How to Hedge Inflation and Recession Woes

Three Tips from Advisors

Record-high inflation rates and the potential menace of recession has left Americans feeling increased economic-related stress.

The Stress in America survey conducted in March by the American Psychological Association and the American Institute of Stress documented that 87 percent of Americans indicated the “rise in prices of everyday items due to inflation” is a significant source of stress. The uncertainty regarding whether the country is already in, or headed to, a recession adds to the anxiety regarding economic security.

Everyday Americans are not the only people that admit they believe the economy may experience further struggles in 2022.

Nine out of ten traders “see” a U.S. economic recession as “somewhat to highly likely” and 74 percent anticipate it will begin this year, according to the latest Charles Schwab Trader Sentiment Survey released for the third quarter 2022. Even more telling is that within the survey, the percent of traders identifying recession as a “primary concern” tripled in the third quarter at 18 percent versus only six percent in the second quarter.

This isn’t the best news for Americans who are getting burned out dealing with economic troubles. However, there are steps to take to help improve one’s odds against inflation and recession.

Advisors Magazine talked to three financial advisors and here are their suggested actions:

Buy Real Estate

It’s too late to use real estate to hedge against today’s inflation. But perhaps not for tomorrow’s potential inflation. Real estate – and the mortgage most people need to own real estate – has a winning relationship with inflation. For the most part, the purchase price of real estate rises. Of course, there are exceptions – think of the 2008 housing bubble. But again, for the most part, the purchase price of real estate rises.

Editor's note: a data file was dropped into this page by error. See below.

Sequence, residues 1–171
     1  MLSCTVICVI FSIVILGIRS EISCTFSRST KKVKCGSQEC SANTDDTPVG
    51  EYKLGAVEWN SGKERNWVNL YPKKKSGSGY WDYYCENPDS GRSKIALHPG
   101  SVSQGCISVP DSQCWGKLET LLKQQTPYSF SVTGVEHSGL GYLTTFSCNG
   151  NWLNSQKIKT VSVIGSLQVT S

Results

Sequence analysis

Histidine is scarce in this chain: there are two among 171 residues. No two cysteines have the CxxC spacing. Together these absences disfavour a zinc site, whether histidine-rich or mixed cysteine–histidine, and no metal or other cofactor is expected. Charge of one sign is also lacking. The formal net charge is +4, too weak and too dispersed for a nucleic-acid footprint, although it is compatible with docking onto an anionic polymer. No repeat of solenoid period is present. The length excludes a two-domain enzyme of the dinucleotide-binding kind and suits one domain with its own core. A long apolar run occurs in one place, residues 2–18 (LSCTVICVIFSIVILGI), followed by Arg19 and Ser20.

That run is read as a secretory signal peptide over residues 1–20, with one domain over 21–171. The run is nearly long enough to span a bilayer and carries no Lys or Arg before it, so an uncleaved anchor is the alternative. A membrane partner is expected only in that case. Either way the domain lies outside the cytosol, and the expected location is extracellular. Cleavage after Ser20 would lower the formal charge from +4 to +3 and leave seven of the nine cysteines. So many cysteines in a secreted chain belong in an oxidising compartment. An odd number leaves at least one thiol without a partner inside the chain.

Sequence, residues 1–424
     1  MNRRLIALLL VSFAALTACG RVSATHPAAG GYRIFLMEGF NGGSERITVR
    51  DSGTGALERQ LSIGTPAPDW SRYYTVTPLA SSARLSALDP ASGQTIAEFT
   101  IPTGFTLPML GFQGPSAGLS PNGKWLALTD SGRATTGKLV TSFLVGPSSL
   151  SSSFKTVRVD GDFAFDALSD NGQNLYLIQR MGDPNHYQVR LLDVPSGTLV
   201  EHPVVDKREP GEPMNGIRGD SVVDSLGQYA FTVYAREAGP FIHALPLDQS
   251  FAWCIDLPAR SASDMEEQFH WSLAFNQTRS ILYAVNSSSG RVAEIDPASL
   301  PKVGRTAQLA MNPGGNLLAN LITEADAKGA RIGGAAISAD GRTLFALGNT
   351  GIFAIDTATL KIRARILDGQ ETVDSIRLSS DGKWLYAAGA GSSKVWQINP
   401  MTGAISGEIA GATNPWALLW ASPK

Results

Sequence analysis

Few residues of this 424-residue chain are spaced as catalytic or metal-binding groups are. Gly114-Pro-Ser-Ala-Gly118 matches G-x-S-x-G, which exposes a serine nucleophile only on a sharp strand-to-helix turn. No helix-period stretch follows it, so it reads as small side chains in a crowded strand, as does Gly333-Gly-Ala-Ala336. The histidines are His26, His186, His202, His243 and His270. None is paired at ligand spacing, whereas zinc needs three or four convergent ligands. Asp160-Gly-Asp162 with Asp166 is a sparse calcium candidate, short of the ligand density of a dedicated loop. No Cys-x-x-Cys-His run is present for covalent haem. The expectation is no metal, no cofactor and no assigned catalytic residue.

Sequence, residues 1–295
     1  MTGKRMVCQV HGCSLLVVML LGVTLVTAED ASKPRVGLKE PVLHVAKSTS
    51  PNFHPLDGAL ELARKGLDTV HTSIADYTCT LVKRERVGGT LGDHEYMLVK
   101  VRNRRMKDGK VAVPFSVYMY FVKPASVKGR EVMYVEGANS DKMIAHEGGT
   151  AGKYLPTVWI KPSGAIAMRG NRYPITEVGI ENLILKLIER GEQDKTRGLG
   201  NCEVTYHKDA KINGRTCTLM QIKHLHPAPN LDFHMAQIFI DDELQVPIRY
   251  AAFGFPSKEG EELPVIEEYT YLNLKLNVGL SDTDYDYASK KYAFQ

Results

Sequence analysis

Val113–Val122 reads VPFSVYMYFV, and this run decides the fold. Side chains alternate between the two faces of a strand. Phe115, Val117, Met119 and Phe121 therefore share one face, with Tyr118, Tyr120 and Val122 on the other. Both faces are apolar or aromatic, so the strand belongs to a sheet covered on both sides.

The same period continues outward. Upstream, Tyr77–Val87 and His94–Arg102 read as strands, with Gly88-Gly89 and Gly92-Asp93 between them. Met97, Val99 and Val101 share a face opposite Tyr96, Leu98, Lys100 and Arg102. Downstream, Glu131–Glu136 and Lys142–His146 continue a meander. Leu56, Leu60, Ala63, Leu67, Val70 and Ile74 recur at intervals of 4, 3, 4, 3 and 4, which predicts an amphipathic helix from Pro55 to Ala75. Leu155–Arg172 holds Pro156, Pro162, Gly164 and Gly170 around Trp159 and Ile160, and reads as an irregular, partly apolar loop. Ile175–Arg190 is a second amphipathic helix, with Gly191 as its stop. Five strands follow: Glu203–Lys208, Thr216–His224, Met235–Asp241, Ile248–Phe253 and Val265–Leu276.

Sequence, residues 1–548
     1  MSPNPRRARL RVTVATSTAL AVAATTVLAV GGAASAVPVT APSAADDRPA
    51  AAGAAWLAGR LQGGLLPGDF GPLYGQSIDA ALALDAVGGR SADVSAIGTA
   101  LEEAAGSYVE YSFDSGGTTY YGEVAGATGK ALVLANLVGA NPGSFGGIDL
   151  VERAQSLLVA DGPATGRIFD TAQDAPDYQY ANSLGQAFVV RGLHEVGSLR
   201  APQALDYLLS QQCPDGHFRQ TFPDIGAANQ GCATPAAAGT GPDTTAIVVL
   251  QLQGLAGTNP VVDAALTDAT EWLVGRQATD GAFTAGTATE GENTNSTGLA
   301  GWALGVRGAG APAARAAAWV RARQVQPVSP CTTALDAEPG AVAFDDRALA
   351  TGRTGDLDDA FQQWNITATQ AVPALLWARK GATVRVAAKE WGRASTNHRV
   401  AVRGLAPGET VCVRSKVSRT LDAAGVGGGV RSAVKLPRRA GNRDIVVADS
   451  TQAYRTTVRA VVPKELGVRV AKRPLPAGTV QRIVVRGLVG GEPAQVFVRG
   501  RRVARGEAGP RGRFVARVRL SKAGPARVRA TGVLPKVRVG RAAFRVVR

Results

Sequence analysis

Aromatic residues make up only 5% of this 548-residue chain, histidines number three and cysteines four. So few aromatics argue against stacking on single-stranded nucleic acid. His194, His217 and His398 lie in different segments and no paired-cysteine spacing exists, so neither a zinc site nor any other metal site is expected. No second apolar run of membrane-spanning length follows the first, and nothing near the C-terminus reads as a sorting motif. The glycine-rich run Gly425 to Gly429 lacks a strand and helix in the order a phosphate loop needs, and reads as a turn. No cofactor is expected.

Here is where the mortgage loan – and monthly payments – work together to create a tool to beat inflation: it’s called equity. Each payment lowers the loan-to-value of a loan debt. The homebuyer gains economic value in the property, but their monthly payment is staying the same.

Ryan Fleischer, CEO, CIO and founder of Revolution Group in Omaha, Nebraska, uses this economic principle in his effort to hedge his clients monies against inflation.

Noting that his firm did not believe inflation was transitory in 2020 and 2021, Fleischer said, “We increased our positioning to commodities and real estate assets, especially private real estate and infrastructure.”

The strategy worked, he said.

“I don’t believe we will have a recession this year, but we see storm clouds on the horizon and expect a considerable slowdown starting next year,” said Fleischer. “Our member will be well-prepared and well-positioned.”

Don’t Freak Out

Easier said than done, but here is where the discipline of keeping emotions out of financial decision-making wins against inflation and recession.

“No need to panic,” said Richard Siegel, managing partner of ARQ Wealth Advisors, LLC, located in Scottsdale, Arizona. “Recessions are a normal part of the economic cycle.”